The colourful Special Saloons and Modsports field – a fine turnout – reminded older fans of the resident British Automobile Racing Club’s Forward Trust, Wendy Wools and Blue Circle championships of yore. It’s back to basics ‘run-what-ya-brung’ all-inclusive categories with the CSCC, which is why it’s so popular. Donington Park’s event in September boasted 500 competitors!

Famous Healey wins GTSCC thriller

Austin-Healey 3000s were popular GT cars when I was a kid, thus I’ve always loved them. Watching John Chatham and Stewart Hands battling for victory at Castle Combe in 1967 helped. Perhaps the most famous Healey racing back then was SMO 746, the ex-works rally car owned by policeman John Gott, Northamptonshire’s chief constable and friend of Silverstone.

The combo competed at Thruxton in 1970 and 1971, so it was a joy to see the car return and unexpectedly win August’s drama-laced GT & Sports Car Cup race on Mark Holme’s debut in it, partnered by marque ace Jeremy Welch.

Streaming gets 750MC message across

Over the past couple of years, progressive clubs have broadcast their events via livestreaming, giving sponsors, members and friends a cost-effective window on events – more important with many run behind closed doors this year – and a permanent archive of coverage. The 750 Motor Club has engaged AlphaLive – a small company run by Luke Austin and associates – to great effect.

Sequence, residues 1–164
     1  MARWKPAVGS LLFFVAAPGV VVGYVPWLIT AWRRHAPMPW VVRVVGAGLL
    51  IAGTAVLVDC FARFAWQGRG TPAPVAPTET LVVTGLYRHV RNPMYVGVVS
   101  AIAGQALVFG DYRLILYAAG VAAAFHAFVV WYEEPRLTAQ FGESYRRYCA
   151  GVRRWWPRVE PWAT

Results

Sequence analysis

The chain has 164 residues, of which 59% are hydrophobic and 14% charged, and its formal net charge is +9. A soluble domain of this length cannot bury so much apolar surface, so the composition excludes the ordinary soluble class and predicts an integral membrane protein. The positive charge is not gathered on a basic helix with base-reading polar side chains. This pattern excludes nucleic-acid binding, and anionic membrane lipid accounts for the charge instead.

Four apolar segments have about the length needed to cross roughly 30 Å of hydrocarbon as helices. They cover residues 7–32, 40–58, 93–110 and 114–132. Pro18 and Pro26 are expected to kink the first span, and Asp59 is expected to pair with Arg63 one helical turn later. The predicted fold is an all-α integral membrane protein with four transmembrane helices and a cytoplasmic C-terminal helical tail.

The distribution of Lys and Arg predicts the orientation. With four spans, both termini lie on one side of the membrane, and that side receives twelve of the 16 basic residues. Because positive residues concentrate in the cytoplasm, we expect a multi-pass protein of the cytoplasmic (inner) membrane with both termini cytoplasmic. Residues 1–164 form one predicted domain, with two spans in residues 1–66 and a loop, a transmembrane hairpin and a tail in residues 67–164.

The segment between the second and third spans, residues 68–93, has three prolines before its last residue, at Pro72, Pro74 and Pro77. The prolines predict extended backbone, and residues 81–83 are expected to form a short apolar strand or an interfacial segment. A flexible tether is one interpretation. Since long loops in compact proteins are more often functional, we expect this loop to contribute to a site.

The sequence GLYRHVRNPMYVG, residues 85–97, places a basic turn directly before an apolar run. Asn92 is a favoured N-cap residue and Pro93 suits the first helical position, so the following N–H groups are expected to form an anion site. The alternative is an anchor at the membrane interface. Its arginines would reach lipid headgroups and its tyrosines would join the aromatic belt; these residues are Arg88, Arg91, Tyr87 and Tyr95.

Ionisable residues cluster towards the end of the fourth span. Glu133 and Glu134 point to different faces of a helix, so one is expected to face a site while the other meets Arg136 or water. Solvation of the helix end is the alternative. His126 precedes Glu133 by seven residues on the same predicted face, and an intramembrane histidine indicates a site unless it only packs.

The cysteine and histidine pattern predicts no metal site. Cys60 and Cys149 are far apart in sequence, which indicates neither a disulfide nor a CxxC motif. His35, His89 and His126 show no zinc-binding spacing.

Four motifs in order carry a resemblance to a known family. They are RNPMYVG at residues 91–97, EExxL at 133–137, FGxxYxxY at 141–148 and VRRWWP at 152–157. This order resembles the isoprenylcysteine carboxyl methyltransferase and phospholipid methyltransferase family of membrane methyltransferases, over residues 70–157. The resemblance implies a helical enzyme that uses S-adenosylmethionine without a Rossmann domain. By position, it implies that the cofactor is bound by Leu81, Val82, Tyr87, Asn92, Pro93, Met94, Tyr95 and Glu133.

Having commentated with Ian Sowman, Josh Barrett and Lewis Beales through this medium at Silverstone for the August weekends and Birkett Six Hour Relays, I’m blown away by the advances in technology and improvement in broadcast quality between the seasons.

Hysterical HRDC Historics On The Hill

September’s second Historic Racing Drivers Club Historics On The Hill race meeting built on the success of last year’s at Lydden. Three double-header grids provided plenty of short, sharp action to entertain spectators, with 2013 British Touring Car champion Andrew Jordan (Austin A40) among the cast.

A new vehicle access road and, subsequently, pukka race-control building overlooking Paddock Bend, for which planning permission has been granted, will make the quaint little Canterbury amphitheatre even better. My weekend opened with the first rallycross I’d seen at the discipline’s spiritual home in probably 40 years. Tristan Ovenden’s sonorous Renault Clio V6 and John Cross’s VW-powered Lancia Stratos impressed.

Leviathans star at Goodwood SpeedWeek

Goodwood sells tickets on sports and touring car drivers competing at its events (now the ever-expanding Formula 1 calendar has all but closed that avenue), yet the real heroes are sometimes underheralded. Having lost its Members’ Meeting, Festival of Speed and Revival, October’s SpeedWeek pulled the rabbit out of the hat.

Undoubted stars of the circuit action were the SF Edge Trophy Edwardian racers, whose magnificent displays of derring-do wowed streaming audiences. My favourite image (below) shows Mark Walker (25.4-litre Darracq 200hp) thundering into the heat haze from son Hughie’s 10-litre Theophile Schneider. They finished 2-1 on Sunday.

MRL Silverstone points the way forward

Race organisers or groups who habitually subscribe to continental events found their calendars kiboshed by the coronavirus misery and its moving repercussions. Motor Racing Legends wasn’t alone in losing its Spa Six Hours fixture – for 20 years the holy grail – and Iberian curtain closers.

INSIGHT: The lessons club racing can learn from in 2020

Fortunately, MRL pulled together a one-day RAC Historic Tourist Trophy event on Silverstone’s GP circuit in late October. Three endurance races attracted excellent grids close to home for most, helping to balance the books. Convivial atmosphere and spacious Wing pits left competitors saying that races on top UK circuits were the way forward until the cloud lifts.